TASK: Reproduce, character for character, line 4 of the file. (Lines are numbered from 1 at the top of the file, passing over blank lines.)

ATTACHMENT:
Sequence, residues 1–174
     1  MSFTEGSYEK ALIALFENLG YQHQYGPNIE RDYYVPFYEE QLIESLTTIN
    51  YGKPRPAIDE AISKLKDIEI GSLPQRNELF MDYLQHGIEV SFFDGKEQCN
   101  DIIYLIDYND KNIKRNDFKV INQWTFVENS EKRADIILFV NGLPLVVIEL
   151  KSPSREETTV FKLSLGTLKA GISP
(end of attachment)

   101  DIIYLIDYND KNIKRNDFKV INQWTFVENS EKRADIILFV NGLPLVVIEL